No libido


No libido


your avatar   Linda, 47-year-old woman

I am a 47-year-old, attractive, married female. I am also a mother of four. I take Lisonopril for blood pressure and that's it. I have no health issues, I am not depressed, and I work at a low-stress job.

For years and years I have had a low or no libido. No health or mental issues to speak of, it's just that I couldn't care less about it. It would be fine with me if I never had sex again, other than the fact that I have a hurting, loving husband and I know this is not normal for a healthy woman. My marriage is at a crisis point because this has gone on for so long. My husband is understanding and has been trying to help me. I should be enjoying my sexuality right now!

I have no symptoms of menopause yet, no past sexual abuse. No major life events. I was prescribed O-gel with no results. Lingerie, toys, erotica...nothing has worked. I endure it all but remain almost dead to it. I don't seem to fit into any category. My husband and I used to have a sizzling sex life. What has changed? I have no idea. Why am I like this? Even other women seems baffled, which makes me feel even more isolated! I can't seem to find any help, anywhere! Please, please, please help me.


    Bob Rich, Ph.D.

Dear Linda,

When you met, when you were a young married couple, both of you were motivated to do everything possible to GIVE to the other. Your sex life was sizzling because it was not a duty, an obligation or a habit, but a fresh, wonderful way of giving pleasure to the person who filled your thoughts.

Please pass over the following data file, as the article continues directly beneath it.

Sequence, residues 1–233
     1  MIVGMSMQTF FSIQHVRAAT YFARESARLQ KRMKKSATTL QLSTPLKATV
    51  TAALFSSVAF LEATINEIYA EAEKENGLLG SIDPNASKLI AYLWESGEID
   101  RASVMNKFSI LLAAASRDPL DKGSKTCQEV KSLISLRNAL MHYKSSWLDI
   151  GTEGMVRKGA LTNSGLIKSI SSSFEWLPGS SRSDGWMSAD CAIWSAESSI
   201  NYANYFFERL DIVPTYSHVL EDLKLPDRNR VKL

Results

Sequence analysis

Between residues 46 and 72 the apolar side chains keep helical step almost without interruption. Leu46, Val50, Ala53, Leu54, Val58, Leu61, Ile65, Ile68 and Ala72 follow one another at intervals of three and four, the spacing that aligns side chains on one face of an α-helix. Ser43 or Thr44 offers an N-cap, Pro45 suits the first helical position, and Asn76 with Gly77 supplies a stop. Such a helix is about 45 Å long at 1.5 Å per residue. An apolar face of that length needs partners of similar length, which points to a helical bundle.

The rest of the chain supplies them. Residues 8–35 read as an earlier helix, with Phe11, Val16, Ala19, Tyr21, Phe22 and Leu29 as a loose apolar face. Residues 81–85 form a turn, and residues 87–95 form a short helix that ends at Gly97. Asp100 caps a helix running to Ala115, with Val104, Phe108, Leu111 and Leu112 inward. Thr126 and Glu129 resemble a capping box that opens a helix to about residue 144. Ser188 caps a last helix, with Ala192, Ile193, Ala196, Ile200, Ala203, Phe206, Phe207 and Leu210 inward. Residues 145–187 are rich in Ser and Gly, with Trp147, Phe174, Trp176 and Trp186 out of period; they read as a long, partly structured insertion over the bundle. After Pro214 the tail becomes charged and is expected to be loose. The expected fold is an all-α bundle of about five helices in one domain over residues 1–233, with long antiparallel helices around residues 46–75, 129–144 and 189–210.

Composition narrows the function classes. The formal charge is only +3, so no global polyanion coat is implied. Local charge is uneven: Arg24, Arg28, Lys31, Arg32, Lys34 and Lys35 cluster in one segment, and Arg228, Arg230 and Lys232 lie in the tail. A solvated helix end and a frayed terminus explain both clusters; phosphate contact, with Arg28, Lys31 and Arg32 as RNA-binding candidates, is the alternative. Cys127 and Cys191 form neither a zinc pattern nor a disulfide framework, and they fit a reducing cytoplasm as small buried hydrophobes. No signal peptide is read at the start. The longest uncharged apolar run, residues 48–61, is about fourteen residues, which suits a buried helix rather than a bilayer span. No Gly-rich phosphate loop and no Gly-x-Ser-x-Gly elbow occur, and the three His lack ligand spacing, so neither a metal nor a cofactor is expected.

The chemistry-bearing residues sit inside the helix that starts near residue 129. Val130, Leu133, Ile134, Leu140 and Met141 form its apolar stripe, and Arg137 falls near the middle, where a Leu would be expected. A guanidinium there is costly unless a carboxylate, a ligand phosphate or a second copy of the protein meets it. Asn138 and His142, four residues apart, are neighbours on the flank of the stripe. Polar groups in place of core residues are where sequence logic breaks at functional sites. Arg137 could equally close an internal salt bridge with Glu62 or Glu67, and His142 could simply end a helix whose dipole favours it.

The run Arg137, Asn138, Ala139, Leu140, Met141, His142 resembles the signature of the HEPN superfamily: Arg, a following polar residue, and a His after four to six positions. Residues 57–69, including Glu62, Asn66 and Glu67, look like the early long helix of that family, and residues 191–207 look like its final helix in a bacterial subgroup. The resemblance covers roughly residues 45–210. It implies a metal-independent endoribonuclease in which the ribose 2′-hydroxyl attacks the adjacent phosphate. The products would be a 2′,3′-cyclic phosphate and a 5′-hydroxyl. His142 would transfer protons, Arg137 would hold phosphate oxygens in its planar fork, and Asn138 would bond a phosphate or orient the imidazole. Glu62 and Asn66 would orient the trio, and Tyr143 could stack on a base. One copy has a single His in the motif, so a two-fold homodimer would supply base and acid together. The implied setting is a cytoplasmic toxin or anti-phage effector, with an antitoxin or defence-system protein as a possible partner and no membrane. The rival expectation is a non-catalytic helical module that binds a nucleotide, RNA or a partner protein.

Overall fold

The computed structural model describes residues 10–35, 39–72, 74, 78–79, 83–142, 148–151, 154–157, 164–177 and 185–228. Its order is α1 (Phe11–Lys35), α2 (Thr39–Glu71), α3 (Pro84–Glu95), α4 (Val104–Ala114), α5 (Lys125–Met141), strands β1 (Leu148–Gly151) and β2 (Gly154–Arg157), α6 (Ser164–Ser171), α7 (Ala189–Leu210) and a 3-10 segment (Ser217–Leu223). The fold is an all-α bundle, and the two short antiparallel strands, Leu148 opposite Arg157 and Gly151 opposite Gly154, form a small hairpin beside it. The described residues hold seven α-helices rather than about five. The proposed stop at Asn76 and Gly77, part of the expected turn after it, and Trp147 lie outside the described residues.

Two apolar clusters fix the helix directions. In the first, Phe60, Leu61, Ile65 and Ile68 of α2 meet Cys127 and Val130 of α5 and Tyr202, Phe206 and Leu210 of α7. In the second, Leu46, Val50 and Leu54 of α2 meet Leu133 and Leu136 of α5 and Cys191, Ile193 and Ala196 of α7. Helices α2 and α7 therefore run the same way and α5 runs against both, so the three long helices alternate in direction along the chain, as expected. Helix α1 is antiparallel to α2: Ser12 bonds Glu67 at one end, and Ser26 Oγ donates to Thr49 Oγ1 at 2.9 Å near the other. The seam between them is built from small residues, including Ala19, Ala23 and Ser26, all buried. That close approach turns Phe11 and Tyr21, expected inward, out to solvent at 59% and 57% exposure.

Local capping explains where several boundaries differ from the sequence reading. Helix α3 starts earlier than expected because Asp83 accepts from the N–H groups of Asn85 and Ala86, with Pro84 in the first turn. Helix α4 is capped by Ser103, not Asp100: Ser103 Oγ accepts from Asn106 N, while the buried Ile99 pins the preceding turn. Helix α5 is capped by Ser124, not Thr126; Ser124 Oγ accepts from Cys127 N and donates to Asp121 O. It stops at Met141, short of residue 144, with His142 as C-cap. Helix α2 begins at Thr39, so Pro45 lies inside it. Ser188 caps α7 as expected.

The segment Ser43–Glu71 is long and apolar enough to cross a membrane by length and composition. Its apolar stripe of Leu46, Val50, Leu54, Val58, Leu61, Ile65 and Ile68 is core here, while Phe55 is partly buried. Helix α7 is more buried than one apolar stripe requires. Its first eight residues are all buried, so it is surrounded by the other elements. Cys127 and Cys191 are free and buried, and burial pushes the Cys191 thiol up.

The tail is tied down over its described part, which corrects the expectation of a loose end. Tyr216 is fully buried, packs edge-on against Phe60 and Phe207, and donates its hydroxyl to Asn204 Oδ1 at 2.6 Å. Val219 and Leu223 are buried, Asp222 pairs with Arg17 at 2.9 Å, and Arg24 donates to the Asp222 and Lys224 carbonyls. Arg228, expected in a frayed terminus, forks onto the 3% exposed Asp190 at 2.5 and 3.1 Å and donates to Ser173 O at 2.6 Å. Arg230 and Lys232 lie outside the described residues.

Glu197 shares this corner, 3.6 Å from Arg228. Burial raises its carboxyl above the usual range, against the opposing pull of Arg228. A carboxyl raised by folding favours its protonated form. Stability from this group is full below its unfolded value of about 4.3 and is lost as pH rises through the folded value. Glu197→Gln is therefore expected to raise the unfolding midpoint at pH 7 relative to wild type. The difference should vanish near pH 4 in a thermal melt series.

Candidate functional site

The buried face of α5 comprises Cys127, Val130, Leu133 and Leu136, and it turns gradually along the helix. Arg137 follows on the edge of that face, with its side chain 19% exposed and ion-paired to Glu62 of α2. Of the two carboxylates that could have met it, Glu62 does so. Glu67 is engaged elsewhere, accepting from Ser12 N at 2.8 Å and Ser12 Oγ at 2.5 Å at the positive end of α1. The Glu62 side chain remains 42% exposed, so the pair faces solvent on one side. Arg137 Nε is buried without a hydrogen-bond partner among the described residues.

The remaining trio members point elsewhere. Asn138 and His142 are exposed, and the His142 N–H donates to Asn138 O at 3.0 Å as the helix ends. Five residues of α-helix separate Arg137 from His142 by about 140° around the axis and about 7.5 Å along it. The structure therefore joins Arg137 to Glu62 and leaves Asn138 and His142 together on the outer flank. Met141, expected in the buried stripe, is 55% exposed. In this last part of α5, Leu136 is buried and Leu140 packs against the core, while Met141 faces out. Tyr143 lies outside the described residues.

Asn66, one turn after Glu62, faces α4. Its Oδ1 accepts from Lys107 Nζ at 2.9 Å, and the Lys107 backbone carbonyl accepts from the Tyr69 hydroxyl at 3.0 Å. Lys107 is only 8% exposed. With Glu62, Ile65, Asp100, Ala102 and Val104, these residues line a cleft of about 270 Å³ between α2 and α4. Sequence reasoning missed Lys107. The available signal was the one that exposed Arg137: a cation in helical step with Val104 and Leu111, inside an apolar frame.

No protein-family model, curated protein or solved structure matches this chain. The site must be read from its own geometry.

Over time, life became a routine. You each started to take the other for granted: a safe, causally loved person in the background, while other matters gained high priority. Sex also became routine and boring, no longer a matter of giving pleasure, but just one of those things you are supposed to do when you are married. Maybe it could even be an imposition. "I want to finish reading this book or watching this show, and there is my partner, getting in the way."

In this way, over time, negatives got attached to it. So, now when your husband feels loving, he needs to compete with other claims on your attention. Sex has become a matter of taking pleasure for him, and something you'd rather avoid for you.

It would be wonderful if you could return joy into your marriage. I don't know your practical situation, but whatever it is, you can put romance back into it. Organize boyfriend-girlfriend occasions, the kinds of activities you used to enjoy together when everything was fresh. Develop shared activities. For example, both of you can enrol in the same course, so you can learn together, and discuss the subject matter. You could join a group focused on dancing, playing music, amateur theatricals, or tai chi. You could play games together, such as scrabble or chess. You could both volunteer for some organization you approve of.

Next, you can both take on a new paid job. This job is to do everything possible to make your partner happy. Your payment is joy when you manage to do so.

And note the return of the sizzle.


This question was answered by Dr. Bob Rich. Dr. Rich has 30+ years of experience as a psychotherapist. Dr. Rich is also a writer and a "mudsmith". Bob is now retired from psychological practice, but still works with people as a counselor.For more information visit:

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